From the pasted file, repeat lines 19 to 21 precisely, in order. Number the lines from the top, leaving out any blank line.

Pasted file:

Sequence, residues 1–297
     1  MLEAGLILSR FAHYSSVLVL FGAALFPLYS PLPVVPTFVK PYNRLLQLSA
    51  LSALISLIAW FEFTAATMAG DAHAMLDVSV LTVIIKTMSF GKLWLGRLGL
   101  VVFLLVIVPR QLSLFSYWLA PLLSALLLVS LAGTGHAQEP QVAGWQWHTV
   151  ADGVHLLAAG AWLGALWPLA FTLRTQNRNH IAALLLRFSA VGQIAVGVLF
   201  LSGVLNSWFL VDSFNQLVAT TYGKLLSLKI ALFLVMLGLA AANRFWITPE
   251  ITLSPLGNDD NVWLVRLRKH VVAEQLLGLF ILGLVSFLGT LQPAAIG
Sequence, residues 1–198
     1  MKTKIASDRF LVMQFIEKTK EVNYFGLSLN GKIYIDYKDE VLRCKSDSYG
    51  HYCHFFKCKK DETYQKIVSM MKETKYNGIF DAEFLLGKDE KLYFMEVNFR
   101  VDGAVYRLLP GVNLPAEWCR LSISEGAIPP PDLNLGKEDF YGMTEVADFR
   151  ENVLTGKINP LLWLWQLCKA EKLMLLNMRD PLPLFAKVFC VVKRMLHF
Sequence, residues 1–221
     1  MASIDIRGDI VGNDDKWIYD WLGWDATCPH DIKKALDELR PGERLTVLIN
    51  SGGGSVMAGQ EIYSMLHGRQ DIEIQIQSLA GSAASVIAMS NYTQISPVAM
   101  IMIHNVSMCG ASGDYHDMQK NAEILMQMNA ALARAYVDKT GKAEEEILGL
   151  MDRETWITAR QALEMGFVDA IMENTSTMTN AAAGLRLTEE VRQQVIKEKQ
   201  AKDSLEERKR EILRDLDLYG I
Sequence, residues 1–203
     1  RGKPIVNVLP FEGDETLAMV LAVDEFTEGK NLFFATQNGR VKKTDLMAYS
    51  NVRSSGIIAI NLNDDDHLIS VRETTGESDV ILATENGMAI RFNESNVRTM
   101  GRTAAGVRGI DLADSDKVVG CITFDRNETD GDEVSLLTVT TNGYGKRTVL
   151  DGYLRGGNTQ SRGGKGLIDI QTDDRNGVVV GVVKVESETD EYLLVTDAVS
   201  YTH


Sequence, residues 1–203
     1  RGKPIVNVLP FEGDETLAMV LAVDEFTEGK NLFFATQNGR VKKTDLMAYS
    51  NVRSSGIIAI NLNDDDHLIS VRETTGESDV ILATENGMAI RFNESNVRTM